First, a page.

Adopting an adult dog nets you less frenetic energy and the ability to see their mature personality and physical form before you commit. But that personality will now be largely set and training may take more time than it would with a younger animal. An adult dog is also more likely to come with some behavior issues, but you will at least likely be able to identify those issues ahead of time.
Adopting a senior dog is a noble thing to do and it means you’ll get a dog that’s going to be calm and grateful for its new home and family. But you are potentially taking on health problems, your dog’s ability to keep up outdoors may be limited, and your time with it may be short.
Teddy was about five months old when we adopted her two months ago. That’s proven to be sort of an awkward age, as she’s still going through the last throes of potty training, while also coming to us with the experience of running feral and likely being physically abused at some point. That means she shows signs of fear and uncertainty easily, and is hyper-competitive with our other dogs for resources. We’re applying plenty of patience, consistency, and nurture, but looking at her objectively, we still got kind of the worst of both worlds—a puppy level of commitment, with the personality foibles of a juvenile rescue. We’re okay with that, but she’d be a difficult dog in the wrong hands. (I’ve previously written more about socializing and training your dog.)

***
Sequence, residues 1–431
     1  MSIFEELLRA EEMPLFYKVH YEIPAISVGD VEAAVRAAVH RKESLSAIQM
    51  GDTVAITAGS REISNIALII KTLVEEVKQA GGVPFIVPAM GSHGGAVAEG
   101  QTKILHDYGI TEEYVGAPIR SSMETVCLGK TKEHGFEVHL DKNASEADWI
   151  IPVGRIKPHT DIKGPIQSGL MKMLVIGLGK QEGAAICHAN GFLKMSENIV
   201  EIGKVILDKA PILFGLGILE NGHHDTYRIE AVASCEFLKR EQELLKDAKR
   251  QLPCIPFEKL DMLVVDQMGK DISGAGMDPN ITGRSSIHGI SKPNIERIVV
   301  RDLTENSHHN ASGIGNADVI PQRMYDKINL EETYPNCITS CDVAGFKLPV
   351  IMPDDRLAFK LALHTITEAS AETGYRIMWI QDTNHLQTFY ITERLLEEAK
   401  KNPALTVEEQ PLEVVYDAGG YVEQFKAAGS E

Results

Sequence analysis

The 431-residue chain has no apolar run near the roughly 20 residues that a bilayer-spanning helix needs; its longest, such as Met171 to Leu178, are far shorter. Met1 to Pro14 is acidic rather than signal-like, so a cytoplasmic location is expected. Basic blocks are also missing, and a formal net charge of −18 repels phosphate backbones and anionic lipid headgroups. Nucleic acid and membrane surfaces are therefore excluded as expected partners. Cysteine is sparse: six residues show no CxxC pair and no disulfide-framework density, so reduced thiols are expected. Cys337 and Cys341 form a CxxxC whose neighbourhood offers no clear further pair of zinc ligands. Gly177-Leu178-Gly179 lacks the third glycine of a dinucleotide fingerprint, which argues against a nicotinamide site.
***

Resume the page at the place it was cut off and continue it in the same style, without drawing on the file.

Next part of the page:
What Size Dog Do You Want?
You’re reading this in Outside, so I’m going to assume you like doing stuff outdoors. It also likely means that you live in a city. That can create problems for potential dog owners, who may be subject to size restrictions, but need a dog large enough to join them outdoors safely. If you live in or visit places with coyotes, that’s something you need to consider carefully. A coyote will have no trouble carrying off a dog weighing up to 30 pounds, and you probably want your dog to be at least 45 pounds or so if you want peace of mind on off-leash hikes and camping trips or just while your dog plays in the yard.
Because larger dogs are generally calmer dogs, they can actually make better companions if you live in an apartment or small home. Just make sure you’re aware of any potential size restrictions before getting your heart set on a new buddy.
Beyond the need to worry about coyotes and the tendency of larger dogs to be calmer, I struggle to see a practical consideration in choosing the size of a dog. Dogs can get in and out of cars themselves, so there’s really never much need to lift them up or carry them around. I guess larger dogs do eat more, but since you’ll be feeding him an affordable, healthy raw food diet anyways, that cost isn’t a huge concern. But you probably do have a personal size preference, so just go with that.
Originally Reported on WGNO
Knugroup is a Pet Nutraceutical Company Started by V.M.D Dr. Richard Baird, a practicing veterinarian in Uniontown Pennsylvania with over 40 years of experience. For more information Click here